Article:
If you’re an Amazon Prime junkie, I don’t need to tell you that Tuesday was Prime Day. Your bank balance is probably enough of a reminder. For everyone else, Prime Day is Amazon’s self-created sales holiday, with deals on just about everything.
Amazon itself excels at localization. And we’ve held them up as an example of a company that gets it right.
But that’s not always true of the third-party sellers that offer their products in the Amazon marketplace. Product descriptions are provided by the sellers, not by Amazon. All too often, the sellers lack either the will or the resources to make quality translations a priority.
And the results can be hilarious, as these 6 examples of bad Prime Day translations prove. Here are a few of our favourites:
That Amorous Feeling
I mean, really, who wouldn’t want to adorn their house with a “decorative fish net of strong Mediterranean Sea amorous feelings?”
High on What?
From the product description: ” The speakers can create a soft-light, ocean waves like projection on the ceiling thus helping you create either a romantic, disco like or a spiritual setting that allows you to be more playful, high on spirit or thoughtful.”
High on spirit . . . right. Although to be honest, that light display is rather psychedelic. It’s easy to imagine a college student turning it on in their dorm room and getting “high on spirit.” Or something.
Not the Latest Radiohead Album Title
No, “Plastic Fake Green Grass of Plants with Pots” is not the latest Radiohead album. What’s odd about this one is that the item description itself is mostly right, if a little awkward in spots. Unfortunately, the title, which is the probably the most important part of the listing, didn’t fare so well.
Who You Gonna Call?
GHOSTBUSTERS! This mosquito trap lures unsuspecting Amazon shoppers with promises of nontoxic pest control, but leaves them needing the assistance of the Winchester brothers. At least, that’s the impression you get from the product description: “ operate in night or in low light environment, without external light source overshadowing bluish light output or disturbing spectral emission.”
“Spectral emissions?” I’m sure they meant “UV light.” But since the most common, well-known meaning of “spectral” is “ghostly,” it sounds more like this product rids your property of mosquitos using the unquiet souls of the dead.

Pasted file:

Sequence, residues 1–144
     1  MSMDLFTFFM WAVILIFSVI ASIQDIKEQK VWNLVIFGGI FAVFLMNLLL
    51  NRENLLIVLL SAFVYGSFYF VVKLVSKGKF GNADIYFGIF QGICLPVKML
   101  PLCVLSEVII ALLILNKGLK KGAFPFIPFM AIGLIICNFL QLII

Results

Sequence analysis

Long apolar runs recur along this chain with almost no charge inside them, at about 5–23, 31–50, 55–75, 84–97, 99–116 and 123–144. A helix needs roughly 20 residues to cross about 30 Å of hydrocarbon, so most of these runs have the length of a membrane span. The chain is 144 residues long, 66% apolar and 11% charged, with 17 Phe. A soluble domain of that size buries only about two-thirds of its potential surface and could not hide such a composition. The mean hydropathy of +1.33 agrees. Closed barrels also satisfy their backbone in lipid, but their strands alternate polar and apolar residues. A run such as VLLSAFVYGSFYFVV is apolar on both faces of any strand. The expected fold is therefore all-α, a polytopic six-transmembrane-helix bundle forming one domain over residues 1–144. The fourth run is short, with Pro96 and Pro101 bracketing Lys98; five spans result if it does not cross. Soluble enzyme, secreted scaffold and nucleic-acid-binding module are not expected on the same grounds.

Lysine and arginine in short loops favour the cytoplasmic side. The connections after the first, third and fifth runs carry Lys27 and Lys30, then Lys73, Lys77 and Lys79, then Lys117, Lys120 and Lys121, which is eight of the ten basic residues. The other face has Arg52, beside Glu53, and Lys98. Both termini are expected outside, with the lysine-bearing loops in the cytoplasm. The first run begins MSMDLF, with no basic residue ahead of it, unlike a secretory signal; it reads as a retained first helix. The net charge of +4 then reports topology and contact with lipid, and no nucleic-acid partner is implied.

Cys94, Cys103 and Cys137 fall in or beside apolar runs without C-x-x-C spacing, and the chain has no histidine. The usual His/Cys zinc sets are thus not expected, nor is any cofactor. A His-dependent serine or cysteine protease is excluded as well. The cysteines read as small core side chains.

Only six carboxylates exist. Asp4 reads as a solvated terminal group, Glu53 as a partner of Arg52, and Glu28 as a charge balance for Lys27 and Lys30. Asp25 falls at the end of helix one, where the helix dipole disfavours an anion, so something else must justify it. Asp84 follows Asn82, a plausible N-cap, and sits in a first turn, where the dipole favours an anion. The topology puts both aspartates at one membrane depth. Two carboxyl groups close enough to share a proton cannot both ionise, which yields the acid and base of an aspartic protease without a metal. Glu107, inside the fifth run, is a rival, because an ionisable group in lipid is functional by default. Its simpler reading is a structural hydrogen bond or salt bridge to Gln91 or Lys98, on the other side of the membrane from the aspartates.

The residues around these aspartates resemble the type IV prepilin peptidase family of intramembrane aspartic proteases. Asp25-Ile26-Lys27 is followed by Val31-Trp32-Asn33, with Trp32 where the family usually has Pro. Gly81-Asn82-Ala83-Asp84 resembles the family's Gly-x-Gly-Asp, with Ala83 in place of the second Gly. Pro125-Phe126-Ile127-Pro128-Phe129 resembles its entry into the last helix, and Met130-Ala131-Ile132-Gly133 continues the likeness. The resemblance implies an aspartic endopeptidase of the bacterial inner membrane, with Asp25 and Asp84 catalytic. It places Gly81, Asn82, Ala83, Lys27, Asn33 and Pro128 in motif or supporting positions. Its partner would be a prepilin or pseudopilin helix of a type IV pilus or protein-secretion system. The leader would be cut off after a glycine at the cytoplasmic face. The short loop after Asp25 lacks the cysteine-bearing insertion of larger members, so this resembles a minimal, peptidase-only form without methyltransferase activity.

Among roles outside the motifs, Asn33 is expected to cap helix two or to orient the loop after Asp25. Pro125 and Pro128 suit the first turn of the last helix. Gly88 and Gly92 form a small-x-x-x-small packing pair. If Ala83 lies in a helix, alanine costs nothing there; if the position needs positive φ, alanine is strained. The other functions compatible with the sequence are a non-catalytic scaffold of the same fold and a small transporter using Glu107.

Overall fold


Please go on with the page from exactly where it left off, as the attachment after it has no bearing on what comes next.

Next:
The Soap Dispenser with Intellisense
“Non contact intellisense to avoid Bacteria cross infection,” to be precise. Just watch out for the “red radiation.” I don’t know about you, but that makes me a wee bit nervous.
And finally, saving the best for last . . .
Beware the Relentless Beaver
This may look like a simple pet toy to you. But it’s more than that. It’s actually a love story about a silent and “generally odorless” weasel “in love” with a ball, which is also being pursued by a “relentless beaver.” A love triangle, of sorts.
Apparently, I am a 12-year-old boy on the inside, because that here’s my reaction to all this talk of beavers, balls, and weasels:
Why Does This Matter?
If you do business with customers in more than one country, these product descriptions should leave you asking yourself, “How can I communicate with customers who don’t speak English without giving them the wrong impression?”
Multiple studies have shown that customers prefer to interact with businesses using their native language. But as we’ve seen, translation can be tricky. Just a few misplaced or mistranslated words can turn your website, product descriptions or advertising from compelling to unintentionally hilarious.
And that can subtly undermine potential customers’ trust in you. For some purchases, like fake plastic plants on Amazon, that might not matter so much. But for more expensive or more critical purchases, customer trust matters.
So, how do ensure this doesn’t happen to your business?
For customer-facing material, it’s best not to leave a computer in charge. Yes, machine translation can reduce the time and money you’ll spend on translation. But as you can see from these descriptions (and from the Holocaust victim costume incident earlier this year), without a well-thought-out process in place and some supervision from a human fluent in your target language, it’s all too easy to get into trouble.
An experienced translation company will partner with you to ensure your content comes through clearly and correctly for all the languages you do business in. Want to learn more? Find more information about our website translation services here, and feel to give us a call if you’d like to learn more!
And now, over to you: Did you buy anything for Prime Day this year? And do mistakes like these make you more hesitant to purchase a product online? Let us know in the comments!
1 thought on “6 Ridiculously Bad Translations from Amazon Prime Day”
I’m a senior copywriter with a passion for correcting these awkwardly-worded product descriptions. The question is… what company(ies) specialize in this? I’ve spent countless hours searching and come up empty-handed every time. Anyone?